The US says only around 4% of the chemical weapons declared by the Syrian government has been removed.
Defence Secretary Chuck Hagel said he was "concerned" that the UN-backed plan to remove Syria's chemical arsenal was behind schedule.
Hagel told reporters in Poland that Damascus "had to take responsibility for fulfilling its commitment".
Delegates from Syria's government and opposition have attended peace talks in Geneva for a sixth day.
UN mediator Lakhdar Brahimi told reporters that there had been both tense and promising moments. He said a minute's silence was held by the delegations on Thursday for all those killed in the conflict, which began in March 2011.
In a separate development, a report from Human Rights Watch has accused the Syrian government of "deliberately and unlawfully" demolishing thousands of homes in opposition strongholds.
The organisation said this was "collective punishment of communities suspected of supporting the rebellion".
Syria's chemical weapon stockpiles are due to be removed and destroyed by 30 June.
Chuck Hagel's comments regarding the painfully slow efforts on the part of the Syrian government to dispose of its chemical weapons stockpiles should not come as a surprise to anyone.
He said he did not know why the process was so far behind schedule, but, regardless, President Bashar al-Assad's government "need to fix this".
White House spokesman Jay Carney, a world away from Warsaw, told reporters something very similar: "We expect them to meet their obligations."
Syria has said it possesses about 700 tonnes of deadly chemicals and 500 tonnes of precursor chemicals, the kind that become toxic when combined with other compounds. Almost all 1,200 tonnes were supposed to be removed by 5 February.
Hagel said he had asked the Russian defence minister to try to influence the Syrian government to comply with the agreement.
The first consignment of 16 tonnes, from two Syrian sites, left the port of Latakia on 7 January.
A further shipment left on 27 January, according to the Organisation for the Prohibition of Chemical Weapons (OPCW).
The international watchdog, which is overseeing the destruction of Syria's chemical arsenal, is meeting in The Hague to discuss the operation's progress.
That meeting is likely to continue into Friday given "the gravity of the situation," a spokesman told the BBC.
In a statement to the OPCW, the US ambassador to the body, Robert Mikulak, said "the effort to remove chemical agent and key precursor chemicals from Syria has seriously languished and stalled".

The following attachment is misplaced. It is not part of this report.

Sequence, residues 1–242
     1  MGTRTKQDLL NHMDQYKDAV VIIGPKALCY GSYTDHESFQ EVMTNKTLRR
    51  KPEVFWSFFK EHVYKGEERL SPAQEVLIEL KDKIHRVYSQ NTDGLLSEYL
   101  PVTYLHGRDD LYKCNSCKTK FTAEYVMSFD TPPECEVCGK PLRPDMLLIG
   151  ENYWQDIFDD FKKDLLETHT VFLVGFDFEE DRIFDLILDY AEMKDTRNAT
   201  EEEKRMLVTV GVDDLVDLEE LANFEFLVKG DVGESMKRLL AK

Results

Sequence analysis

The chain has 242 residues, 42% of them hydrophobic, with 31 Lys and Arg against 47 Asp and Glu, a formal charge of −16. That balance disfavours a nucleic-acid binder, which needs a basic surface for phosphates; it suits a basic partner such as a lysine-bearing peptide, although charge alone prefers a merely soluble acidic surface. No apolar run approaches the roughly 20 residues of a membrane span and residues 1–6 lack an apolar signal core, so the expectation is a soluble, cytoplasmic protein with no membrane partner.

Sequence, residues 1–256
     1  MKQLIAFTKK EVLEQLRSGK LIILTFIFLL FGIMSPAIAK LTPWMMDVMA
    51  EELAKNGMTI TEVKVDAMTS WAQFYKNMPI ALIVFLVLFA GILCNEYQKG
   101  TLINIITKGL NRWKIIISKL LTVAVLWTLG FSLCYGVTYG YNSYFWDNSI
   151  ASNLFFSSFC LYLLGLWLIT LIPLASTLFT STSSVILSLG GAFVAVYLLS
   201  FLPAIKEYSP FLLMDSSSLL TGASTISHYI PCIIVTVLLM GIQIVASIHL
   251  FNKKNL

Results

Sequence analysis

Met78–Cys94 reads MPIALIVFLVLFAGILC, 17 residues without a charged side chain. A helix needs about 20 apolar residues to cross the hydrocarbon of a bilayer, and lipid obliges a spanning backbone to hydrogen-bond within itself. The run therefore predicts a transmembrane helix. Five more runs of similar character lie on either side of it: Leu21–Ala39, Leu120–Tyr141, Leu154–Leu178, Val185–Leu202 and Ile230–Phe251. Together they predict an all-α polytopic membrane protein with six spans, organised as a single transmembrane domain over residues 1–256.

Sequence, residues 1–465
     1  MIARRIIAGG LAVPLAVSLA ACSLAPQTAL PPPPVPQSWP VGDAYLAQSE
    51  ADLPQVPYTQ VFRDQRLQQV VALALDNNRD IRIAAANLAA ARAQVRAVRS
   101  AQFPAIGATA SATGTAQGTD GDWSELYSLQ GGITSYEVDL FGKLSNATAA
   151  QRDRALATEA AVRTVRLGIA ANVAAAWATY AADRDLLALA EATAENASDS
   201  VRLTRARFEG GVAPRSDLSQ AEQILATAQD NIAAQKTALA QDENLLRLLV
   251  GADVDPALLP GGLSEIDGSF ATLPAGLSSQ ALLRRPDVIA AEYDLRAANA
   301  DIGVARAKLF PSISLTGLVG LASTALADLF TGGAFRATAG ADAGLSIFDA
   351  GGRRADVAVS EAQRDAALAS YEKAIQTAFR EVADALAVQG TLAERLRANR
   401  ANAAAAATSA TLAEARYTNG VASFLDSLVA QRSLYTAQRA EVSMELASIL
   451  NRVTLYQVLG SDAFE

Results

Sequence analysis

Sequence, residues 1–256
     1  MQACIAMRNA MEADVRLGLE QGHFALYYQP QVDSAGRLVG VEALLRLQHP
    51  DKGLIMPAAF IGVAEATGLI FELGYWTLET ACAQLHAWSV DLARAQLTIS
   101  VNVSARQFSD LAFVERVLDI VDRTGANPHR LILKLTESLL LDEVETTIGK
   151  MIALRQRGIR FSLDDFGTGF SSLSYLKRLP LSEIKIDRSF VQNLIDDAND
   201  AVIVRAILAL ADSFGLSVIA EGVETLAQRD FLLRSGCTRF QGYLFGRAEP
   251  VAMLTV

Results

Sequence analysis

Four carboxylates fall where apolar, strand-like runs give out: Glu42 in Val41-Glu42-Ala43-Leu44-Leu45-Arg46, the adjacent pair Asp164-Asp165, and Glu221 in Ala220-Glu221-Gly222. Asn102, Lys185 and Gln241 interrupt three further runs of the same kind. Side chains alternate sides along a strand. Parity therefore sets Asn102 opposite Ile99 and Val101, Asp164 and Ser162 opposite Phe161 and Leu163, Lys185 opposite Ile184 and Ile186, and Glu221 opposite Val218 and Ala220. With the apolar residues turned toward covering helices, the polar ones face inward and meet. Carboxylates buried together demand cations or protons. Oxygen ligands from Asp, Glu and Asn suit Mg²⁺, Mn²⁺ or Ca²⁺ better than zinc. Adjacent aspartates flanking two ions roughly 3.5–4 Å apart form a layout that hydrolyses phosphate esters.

"The spotlight now is on Syria to proceed without further delay to comply with its obligations and make this effort a success," he added.
Under the terms of the UN-backed plan to destroy Syria's arsenal, the Syrian authorities are responsible for packing and safely transporting the chemical weapons to the Mediterranean port of Latakia.
Denmark and Norway are providing cargo ships and military escorts to take them to Italy, where they will be loaded onto a US Maritime Administration cargo ship, MV Cape Ray.
The materials will be destroyed in international waters.
More than 100,000 people have been killed since the uprising in Syria began.
Millions of Syrians have fled the violence and are living in refugee camps in neighbouring countries.
The current round of peace negotiations in Geneva is scheduled to end on Friday.
The UN envoy Lakhdar Brahimi has said he hopes for more progress in next week's second round of talks between the two sides.
Both sides stood together in silence on Thursday to remember those who had died, he confirmed.
"The opposition suggested a minute of silence for all the dead in Syria, irrelevant of which camp they belong [to] and the government delegation immediately agreed and we had that minute of silence," he told reporters.
The agreement to remove Syria's chemical weapons followed an attack in Damascus on 21 August 2013 in which hundreds of people were killed.
The United Nations concluded that the deadly nerve gas sarin had been used. Inspectors also found that chemical weapons were "probably used" at a further four sites in Syria.
The Syrian government denies using chemical weapons, saying the attack was carried out by rebel fighters.
But the chief UN investigator said in an interview published on Thursday that the Syrian government had failed to explain how the rebel fighters might have obtained and delivered sarin.
Ake Sellstrom told the specialist publication CBRNe World that Syrian officials had "quite poor theories".
"If they really want to blame the opposition they should have a good story as to how they got hold of the munitions, and they didn't take the chance to deliver that story," he said.